Meanwhile a Supreme War Bureau, headed by General Gröner, took over the functions of both the War Materials Department (KRA) and the arms procurement office. Effectively a branch of the Supreme Command, it proceeded to redraw Germany as an industrial magnate’s fantasy, pouring funds into the development of heavy industry and planning a series of lavish infrastructural projects without regard for feasibility.
The whole Programme was based on the assumption that the German people as a whole had been slacking – a view that was completely in tune with elite, right-wing thinking in contemporary Germany but had no basis in reality – and its immediate effect was to put an enormous spanner in the works of the German economy. Failure to find untapped labour resources meant 1.2 million men had to be transferred from the Army to civilian war work in September, while the strain of industrial reorganisation and a new campaign in Romania brought the railway system to a virtual standstill in October, causing widespread coal shortages, and unusually cold weather added urban starvation to the mix during the winter.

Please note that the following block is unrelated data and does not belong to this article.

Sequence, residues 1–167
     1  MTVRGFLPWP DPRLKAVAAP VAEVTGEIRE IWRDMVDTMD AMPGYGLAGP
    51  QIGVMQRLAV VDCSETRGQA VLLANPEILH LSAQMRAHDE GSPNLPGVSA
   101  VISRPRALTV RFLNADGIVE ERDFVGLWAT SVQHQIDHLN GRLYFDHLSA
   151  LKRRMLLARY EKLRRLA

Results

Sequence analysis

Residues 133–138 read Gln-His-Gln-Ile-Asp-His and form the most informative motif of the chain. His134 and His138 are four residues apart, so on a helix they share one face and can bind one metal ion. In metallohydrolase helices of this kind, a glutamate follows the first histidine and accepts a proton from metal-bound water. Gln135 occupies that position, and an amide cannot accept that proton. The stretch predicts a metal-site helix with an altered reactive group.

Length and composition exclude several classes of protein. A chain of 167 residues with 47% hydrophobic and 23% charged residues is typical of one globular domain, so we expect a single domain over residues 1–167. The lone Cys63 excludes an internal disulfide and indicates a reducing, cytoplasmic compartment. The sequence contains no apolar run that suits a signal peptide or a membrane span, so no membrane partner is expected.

By the spring of 1917 none of the Programme’s production targets had been met, or even approached, and its only major achievement had been to unleash a storm of opposition, killing off the faltering political truce and raising the spectre of revolution that had haunted Germany’s pre-War ruling classes.
The occasional shaft of pragmatism did improve matters slightly during 1917. February’s decision to cut back on investment projects enabled the Programme to meet some of its targets by the autumn, including machine gun and light artillery quotas, but the industrial magnates behind the Third Supreme Command would not be denied their earthly paradise. Gröner was dismissed when he tried to curtail their profits in mid-1917, and a year later even Ludendorff was unable to force through similar measures. Meanwhile Germany’s economy and society screamed towards the buffers, its supercharged industries clearly unable to meet requirements or sustain the effort, its angry population ever closer to exhaustion, and its politics lurching into extremism.